Syria at a Turning Point by leF306


									    Syria at a Turning Point
     Trends in the Syrian Economy
         University of Reading
          23rd February 2005

           Dr Ken Charman

               Syrian Economy

• Closed Economy

• Under performed for many years

• Dependent on oil reserves for foreign exchange
  and macro-economic stability

• Economy in need of diversification

          Factors in Syria’s Favour

• Geographic position – between Europe and
  Middle East
• Transit country for oil and consumer goods
• Strong agricultural base
• Established industrial base in heavy and light
• Private sector accounts for 60% GDP

             Issues Facing Syria

• Rapid population growth 2.6% per annum
• 40% population under the age of 14
• Growing Demands on education and health
• 70% population earn less than 120 Euros per
• Growth rates in employment not sufficient to
  absorb growing labour force

             Policy Requirements

• To achieve faster growth

• Create employment

• Maintain stability (inflation, exchange rates)

             Oil Sector Dominates

• Oil producing country – but not a major producer
• 2.5 billion barrels of exploitable oil reserves (10
  years supply)
• 2.5 billion cubic metres gas (50 years supply)
• Up till 1990 Syria cotton and textiles 40% total
  export earnings
• Oil exports now dominate (60-75% total exports,
  40-45% total government revenues) during
  1980’s and 1990’s

             Agricultural Sector

• 26% GDP
• Employs 30% workforce
• Considerable state support – impact on
  government budget
• Wheat, barley and cotton sold to state marketing
  boards at fixed prices
• Market prices signals do not reach farm gate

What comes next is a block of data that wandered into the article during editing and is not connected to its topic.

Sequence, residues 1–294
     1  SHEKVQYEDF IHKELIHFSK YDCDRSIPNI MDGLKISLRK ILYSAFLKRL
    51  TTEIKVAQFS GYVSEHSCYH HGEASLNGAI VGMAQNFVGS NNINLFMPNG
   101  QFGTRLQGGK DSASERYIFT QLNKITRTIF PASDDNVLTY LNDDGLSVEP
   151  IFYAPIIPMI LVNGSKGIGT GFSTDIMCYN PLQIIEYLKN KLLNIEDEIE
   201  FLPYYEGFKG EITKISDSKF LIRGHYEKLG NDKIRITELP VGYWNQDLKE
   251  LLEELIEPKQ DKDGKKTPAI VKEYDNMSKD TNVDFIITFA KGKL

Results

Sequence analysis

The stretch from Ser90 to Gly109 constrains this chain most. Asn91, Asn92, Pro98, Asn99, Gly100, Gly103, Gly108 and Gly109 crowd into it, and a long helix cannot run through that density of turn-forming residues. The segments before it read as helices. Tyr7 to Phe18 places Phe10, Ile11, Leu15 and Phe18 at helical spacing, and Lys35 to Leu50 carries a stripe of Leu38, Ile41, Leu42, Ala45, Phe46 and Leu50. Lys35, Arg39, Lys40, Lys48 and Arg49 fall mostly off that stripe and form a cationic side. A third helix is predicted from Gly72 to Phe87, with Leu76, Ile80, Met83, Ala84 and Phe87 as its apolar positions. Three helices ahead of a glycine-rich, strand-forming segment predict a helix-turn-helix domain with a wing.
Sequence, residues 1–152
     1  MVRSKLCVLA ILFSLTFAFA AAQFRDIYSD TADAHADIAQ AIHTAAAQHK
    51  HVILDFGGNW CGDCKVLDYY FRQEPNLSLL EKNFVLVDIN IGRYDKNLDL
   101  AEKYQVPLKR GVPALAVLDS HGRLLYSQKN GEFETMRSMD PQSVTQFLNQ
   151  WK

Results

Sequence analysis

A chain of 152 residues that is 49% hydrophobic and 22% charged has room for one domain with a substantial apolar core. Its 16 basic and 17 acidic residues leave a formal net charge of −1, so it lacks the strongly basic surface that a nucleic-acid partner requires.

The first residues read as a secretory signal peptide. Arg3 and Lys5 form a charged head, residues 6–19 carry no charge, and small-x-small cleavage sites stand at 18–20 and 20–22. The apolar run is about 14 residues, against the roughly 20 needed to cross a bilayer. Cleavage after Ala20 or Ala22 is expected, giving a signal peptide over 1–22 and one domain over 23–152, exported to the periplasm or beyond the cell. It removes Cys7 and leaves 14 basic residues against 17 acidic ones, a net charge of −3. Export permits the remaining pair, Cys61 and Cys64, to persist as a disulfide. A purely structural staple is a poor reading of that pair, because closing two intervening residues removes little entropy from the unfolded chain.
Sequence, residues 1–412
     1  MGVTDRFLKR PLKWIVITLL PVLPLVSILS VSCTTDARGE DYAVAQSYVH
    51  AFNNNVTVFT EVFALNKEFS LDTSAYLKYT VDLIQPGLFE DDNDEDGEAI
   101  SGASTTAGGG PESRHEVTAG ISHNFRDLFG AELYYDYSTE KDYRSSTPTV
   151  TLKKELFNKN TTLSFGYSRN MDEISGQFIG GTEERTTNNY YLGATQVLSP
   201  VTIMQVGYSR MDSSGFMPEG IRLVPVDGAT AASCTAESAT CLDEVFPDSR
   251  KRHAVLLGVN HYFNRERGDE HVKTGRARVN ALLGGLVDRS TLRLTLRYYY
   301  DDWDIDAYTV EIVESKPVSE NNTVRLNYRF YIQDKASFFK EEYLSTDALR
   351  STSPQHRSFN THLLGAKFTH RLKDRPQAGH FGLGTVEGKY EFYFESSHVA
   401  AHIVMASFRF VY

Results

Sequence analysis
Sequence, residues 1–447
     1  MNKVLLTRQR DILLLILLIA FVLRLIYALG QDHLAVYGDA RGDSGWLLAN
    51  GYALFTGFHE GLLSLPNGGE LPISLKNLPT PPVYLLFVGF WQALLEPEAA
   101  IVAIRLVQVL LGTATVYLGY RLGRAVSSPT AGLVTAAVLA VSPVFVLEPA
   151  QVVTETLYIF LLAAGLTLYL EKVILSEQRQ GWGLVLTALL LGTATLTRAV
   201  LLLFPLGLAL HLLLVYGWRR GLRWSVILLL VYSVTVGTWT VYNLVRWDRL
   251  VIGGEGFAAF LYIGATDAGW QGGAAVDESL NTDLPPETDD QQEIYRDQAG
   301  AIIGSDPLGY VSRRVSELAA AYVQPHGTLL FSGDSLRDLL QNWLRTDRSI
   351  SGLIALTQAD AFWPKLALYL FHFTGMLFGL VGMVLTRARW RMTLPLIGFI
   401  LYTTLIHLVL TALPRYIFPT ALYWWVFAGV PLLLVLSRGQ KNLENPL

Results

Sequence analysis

• State support has not led to investment (e.g.
  cotton requires irrigation)
                Industrial Base

• Mining and quarrying - 14% GDP
• Manufacturing - 14% GDP
• Industry sectors:
• Oil sector, chemicals, water and electricity, wood
  and furniture, food beverages, textiles and yarn
• Low value textiles (yarn) exported
• Protection for local industry has led to low
  productivity and investment

            Industrial Policy to Date

• Investment financed by oil revenues
• Investment largely unproductive

At a time when Syria should have been emerging from
       an agricultural producer to a producer with a
       diversified industrial base, oil revenues and
      protectionism have led to un-competitiveness

• Private Sector Development has favoured Free
  Economic Zones – favoured tax status, and better
  facilities – these do not spill over to rest of economy

            Policy Reform too slow

• Investment Law No. 10 was important step
  (lower restrictions to capital inflows, and tax
  concessions), but was not accompanied by
  structural reforms
• Reforms needed in
• Liberalisation of trade / protectionism
• Undeveloped financial sector
• Incentives facing the private sector

             Apparent Stability?

• GDP growth 1.4% in 2003, (1.9% 2004?)
• Inflation 1% - 3% since 2000
• Trade balance 6.8% GDP 2003
• Fiscal deficit 4.1% GDP
• Foreign exchange reserves high (12.5 billion at
  end 2002 = 6 months import cover)
• But: GDP growth, foreign exchange and
  government revenues are dependent on oil –
  non-oil sector contribution is declining
              Policy Challenges

• Efficient taxation system that captures the
  private sector incomes
• Monetary policy (interest rate policy) that
  addresses inflation and exchange rate (interest
  rates fixed at 7-9% since 1981)
• Liberalisation (reduction in protectionism) that
  encourages competition
• Financial sector developed - to lend to private

       Recent Policy Changes Good

• Private banks allowed to operate since 2003 –
  but restricted to Free Industrial Zones
• Monetary Policy now with Monetary and Credit
  Council - Central Bank to follow more flexible
  interest rate policy
• Exchange rate liberalisations encouraging – but
  traders still need access to finance
• Reserves high enough to allow pegged
  exchange rate

        Institutional Policy Required

• Excessive customs regulations / bureaucracy
• Inefficient banking system / lack of access to
• Regulation system poor (especially for utilities),
  ministries to be “policy makers”, not “controllers”
• Lack of competition laws + agencies to oversee
  implementation of laws – reduce barriers to
  entry and restrict abuse of monopoly power
• Independent bodies required to implement
  policies transparent and efficient and

               Trade is a Priority

• GAFTA + EU-Syria Association Agreement
  provide framework for liberalisation

• Short term trade impact negative (increase in

• Long term ability of private sector to respond to
  liberalised market.

     Thank you


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